Perhaps more than any other classic American genre, the western may have the most obvious symbolic binary: black hats signify the outlaws, white ones are worn by the lawmen. Delmer Daves’ big screen adaptation of Elmore Leonard’s pulp story “Three-Ten to Yuma,” (screenplay by Halsted Welles) subverts this. It pulls certain lines of dialog verbatim, and uses the original source material overall as a framework for the film’s climax, but several other aspects of the narrative are altered significantly to achieve its desired effect. The starkest and most obvious change to me, was the choice to change one of the protagonists’ occupations (as well as both of their names – the movie changes most all the names in fact). In the film, outlaw Ben Wade (Jim Kidd in the original source material) is brought to Contention by rancher Dan Evans. In the short story, Dan Evans is a lawman who goes by the name Paul Scallen; he has brought Kidd to Contention to be brought to justice, because it is his duty. The movie makes the deliberate choice of removing career obligation with its new interpretation of Evans’ character. In Daves’ 3:10 to Yuma (1957), Evans volunteers. It appears this choice was made in the adaptation to allow for a more nuanced examination of many stale and tired tropes within the genre and the American West.
For years, the outlaw was often the clichéd antagonist of the western formula, in contrast to the lawman. In this picture, Daves uses the criminal Ben Wade (played by the rough, yet charismatic, always utterly enthralling, Glenn Ford), and his relation to Evans (a verbally understated, but emotionally reactionary Van Heflin), to examine why the archetype might be misunderstood. By making Evans – who would normally be your standard town Marshall – a rancher, the movie adds a shared dimension to our two protagonists’ relationship; one of survival that morphs from monetary necessity and professional respect, into raw empathy and moral duty. The film brings the circumstances surrounding – what would normally be diametrically opposed templates – into a new light, and out of shadows; by bringing the basic human and financial needs of the two lead characters closer together.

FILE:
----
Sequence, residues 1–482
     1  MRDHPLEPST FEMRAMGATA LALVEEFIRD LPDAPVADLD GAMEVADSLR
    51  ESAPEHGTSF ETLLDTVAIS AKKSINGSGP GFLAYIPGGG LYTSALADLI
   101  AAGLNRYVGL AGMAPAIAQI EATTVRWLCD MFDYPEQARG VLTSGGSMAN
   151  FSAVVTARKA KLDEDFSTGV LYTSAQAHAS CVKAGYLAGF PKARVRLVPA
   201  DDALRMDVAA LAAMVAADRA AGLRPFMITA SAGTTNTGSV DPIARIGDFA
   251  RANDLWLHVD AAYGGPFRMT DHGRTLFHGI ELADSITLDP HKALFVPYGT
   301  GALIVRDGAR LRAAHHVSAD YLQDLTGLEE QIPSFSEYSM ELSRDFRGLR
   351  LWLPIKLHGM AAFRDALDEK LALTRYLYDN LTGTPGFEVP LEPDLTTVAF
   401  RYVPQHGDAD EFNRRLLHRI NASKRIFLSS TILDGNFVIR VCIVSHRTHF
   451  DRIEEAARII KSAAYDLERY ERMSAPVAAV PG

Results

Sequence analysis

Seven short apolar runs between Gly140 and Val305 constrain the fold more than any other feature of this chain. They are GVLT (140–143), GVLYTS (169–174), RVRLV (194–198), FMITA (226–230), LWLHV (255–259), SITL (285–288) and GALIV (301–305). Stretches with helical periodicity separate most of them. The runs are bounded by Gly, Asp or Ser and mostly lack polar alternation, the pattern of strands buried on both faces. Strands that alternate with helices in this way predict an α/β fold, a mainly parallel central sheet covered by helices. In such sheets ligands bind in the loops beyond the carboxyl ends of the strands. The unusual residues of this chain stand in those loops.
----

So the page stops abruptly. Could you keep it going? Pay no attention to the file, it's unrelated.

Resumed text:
“How much do you make, Marshall?”, Kidd (Wade in the story) asks Scallen (Evans). “I don’t think it’s any of your business,” he responds. But that’s just it; Kidd believes it is his business. Kidd/Wade has turned to the life he has order to survive, a lawman paid a hundred and fifty dollars a month cannot comprehend that. But Daves seemed to understand that this value gap was perhaps worth exploring. By rewriting the lawman as an everyman, both Evans and the audience can empathize with the clichéd archetype of Wade’s murderous outlaw more.
By contrast, early in the film, Dan Evans confronts the Ben Wade character after his cattle are briefly stolen from him, by Wade’s gang. “You got em’ back didn’t you,” Wade says, taking a drag of his cigarette. “Took me half-a- days’ time,” Evans responds. “What’s half-a- days’ time worth to you?” Wade then offers to pay Evans double for the inconvenience he has caused him. This could certainly be read as a diversion tactic, an outlaw simply buying off a man he hopes is dishonest, but when one looks closer at how Ben Wade views people throughout the film, his motivation becomes more clear. He may rob stagecoaches to keep on living, but deep down he has a raw respect for the hard working folk who built the West. I think it is no accident, that the scene I just described above, occurs just after Wade has revealed another side of his personal code; he values and respects hard working women greatly as well. Daves shows us a compassionate aspect of Wade’s persona; he’s not just a criminal, he’s a criminal who cares about his values so much that it gets him arrested.
“You ever work for a blind Irishmen in Dodge City?” Wade asks the character Emmy, after she has served his men some drinks. She smiles.